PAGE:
From Middle English ynough, from Old English ġenōg (“enough”), from Proto-Germanic *ganōgaz (“enough”) (compare Scots eneuch, West Frisian genôch, Dutch genoeg, German genug, Low German noog, Danish nok, Swedish nog, Icelandic nógur), from *ǥanaxa 'to suffice' (compare Old English ġeneah), or from *ga- + an unattested *nōgaz, probably ultimately from Proto-Indo-European *h₂eh₂nó(n)ḱe (“he has reached, attained”), perfective of *h₂neḱ- (“to reach”) (compare Old Irish tánaic (“he arrived”), Latin nancisci (“to get”), Lithuanian nèšti (“to carry”), Albanian kënaq (“to please, satisfy”), Ancient Greek ἐνεγκεῖν (enenkeîn, “to carry”).).
- Sufficient; all that is required, needed, or appropriate.
- I've already had enough coffee today.
- Bible, Gospel of Luke xv. 17
- How many hired servants of my father's have bread enough and to spare!
- I cannot run fast enough to catch up to them.
- Are you man enough to fight me?
- 1913, Joseph C. Lincoln, chapter 5, in Mr. Pratt's Patients:
- Of all the queer collections of humans outside of a crazy asylum, it seemed to me this sanitarium was the cup winner. […] When you're well enough off so's you don't have to fret about anything but your heft or your diseases you begin to get queer, I suppose.
- Fully; quite; used to express slight augmentation of the positive degree, and sometimes equivalent to very.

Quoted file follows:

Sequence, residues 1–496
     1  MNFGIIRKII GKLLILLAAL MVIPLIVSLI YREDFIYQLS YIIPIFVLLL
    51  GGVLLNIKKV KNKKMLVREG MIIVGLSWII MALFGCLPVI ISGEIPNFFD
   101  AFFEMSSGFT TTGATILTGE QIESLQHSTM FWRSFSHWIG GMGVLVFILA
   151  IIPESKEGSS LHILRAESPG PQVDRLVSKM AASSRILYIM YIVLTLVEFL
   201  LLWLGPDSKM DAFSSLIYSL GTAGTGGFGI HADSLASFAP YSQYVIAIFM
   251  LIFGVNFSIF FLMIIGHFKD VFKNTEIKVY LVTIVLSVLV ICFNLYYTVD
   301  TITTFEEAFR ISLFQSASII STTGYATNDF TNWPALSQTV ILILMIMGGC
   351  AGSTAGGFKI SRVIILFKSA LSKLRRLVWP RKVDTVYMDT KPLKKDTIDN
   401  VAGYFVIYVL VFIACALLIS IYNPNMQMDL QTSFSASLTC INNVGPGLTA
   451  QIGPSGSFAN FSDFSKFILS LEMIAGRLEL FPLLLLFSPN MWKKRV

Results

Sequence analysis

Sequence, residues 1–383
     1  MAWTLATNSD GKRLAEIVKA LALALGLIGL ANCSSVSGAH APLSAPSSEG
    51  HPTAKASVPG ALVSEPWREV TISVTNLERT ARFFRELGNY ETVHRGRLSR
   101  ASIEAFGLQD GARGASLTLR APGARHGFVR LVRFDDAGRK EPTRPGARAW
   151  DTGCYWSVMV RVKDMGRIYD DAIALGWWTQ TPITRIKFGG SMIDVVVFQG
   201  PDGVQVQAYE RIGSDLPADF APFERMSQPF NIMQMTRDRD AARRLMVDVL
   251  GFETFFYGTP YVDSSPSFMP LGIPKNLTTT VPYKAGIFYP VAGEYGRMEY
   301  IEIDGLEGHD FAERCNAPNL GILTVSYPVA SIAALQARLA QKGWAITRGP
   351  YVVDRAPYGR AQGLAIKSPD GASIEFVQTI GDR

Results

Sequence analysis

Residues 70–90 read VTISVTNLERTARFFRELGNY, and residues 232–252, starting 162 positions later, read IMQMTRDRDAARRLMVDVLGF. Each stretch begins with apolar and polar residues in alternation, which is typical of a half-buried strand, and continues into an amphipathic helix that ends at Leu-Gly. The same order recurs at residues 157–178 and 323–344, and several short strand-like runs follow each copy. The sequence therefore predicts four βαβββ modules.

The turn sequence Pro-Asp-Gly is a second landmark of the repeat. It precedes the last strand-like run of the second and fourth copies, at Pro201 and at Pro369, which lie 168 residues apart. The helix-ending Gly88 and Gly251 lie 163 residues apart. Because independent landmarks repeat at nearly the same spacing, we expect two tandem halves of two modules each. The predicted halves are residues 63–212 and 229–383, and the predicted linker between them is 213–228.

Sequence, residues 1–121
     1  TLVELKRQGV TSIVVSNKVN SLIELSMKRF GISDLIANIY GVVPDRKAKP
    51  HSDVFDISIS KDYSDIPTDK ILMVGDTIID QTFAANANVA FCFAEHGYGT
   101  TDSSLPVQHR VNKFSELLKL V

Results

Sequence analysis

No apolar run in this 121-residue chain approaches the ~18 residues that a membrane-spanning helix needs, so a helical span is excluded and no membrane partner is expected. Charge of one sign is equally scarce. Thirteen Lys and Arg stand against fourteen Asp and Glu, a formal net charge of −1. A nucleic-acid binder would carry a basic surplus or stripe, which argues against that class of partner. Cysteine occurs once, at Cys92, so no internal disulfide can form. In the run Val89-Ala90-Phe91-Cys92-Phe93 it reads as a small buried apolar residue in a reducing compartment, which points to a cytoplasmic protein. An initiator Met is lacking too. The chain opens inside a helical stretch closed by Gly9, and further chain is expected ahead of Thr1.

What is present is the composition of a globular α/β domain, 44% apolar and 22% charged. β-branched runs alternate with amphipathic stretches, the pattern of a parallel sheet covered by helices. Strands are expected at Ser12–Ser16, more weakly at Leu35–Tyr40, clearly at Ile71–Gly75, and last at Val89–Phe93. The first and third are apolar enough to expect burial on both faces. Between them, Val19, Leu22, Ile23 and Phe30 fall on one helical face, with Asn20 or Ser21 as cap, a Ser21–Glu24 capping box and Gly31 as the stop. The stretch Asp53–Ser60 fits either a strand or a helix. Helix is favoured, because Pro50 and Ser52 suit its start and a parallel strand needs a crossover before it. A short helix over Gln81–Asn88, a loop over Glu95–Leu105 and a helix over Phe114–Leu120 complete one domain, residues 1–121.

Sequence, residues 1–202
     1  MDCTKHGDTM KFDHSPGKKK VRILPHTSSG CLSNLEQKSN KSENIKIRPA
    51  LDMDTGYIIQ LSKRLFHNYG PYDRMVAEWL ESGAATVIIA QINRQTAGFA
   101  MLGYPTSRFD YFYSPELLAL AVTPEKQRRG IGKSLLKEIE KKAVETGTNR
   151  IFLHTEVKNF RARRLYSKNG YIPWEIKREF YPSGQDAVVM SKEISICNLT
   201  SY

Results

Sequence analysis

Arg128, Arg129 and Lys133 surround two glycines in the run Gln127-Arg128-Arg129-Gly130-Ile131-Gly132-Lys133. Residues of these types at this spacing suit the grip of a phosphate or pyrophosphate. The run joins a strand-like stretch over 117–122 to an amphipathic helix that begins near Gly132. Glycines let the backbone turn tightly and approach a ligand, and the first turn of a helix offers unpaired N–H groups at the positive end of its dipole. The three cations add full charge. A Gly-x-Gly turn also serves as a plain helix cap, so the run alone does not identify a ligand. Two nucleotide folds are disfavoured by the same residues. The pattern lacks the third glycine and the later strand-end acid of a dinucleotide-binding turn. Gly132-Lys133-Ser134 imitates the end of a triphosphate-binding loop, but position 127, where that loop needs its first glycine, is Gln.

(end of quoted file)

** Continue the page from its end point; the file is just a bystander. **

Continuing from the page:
- He is ready enough to accept the offer.
- William Shakespeare (c.1564–1616)
- I know you well enough; you are Signior Antonio.
- 1915, Emerson Hough, The Purchase Price, chapterI:
- “[…] it is not fair of you to bring against mankind double weapons ! Dangerous enough you are as woman alone, without bringing to your aid those gifts of mind suited to problems which men have been accustomed to arrogate to themselves.”
- As an adverb, enough always follows the verb it qualifies.
- A sufficient or adequate number, amount, etc.
- I have enough to keep me going.
- stop! Don't do that anymore, etc.
- The translations below need to be checked and inserted above into the appropriate translation tables, removing any numbers. Numbers do not necessarily match those in definitions. See instructions at Wiktionary:Entry layout#Translations.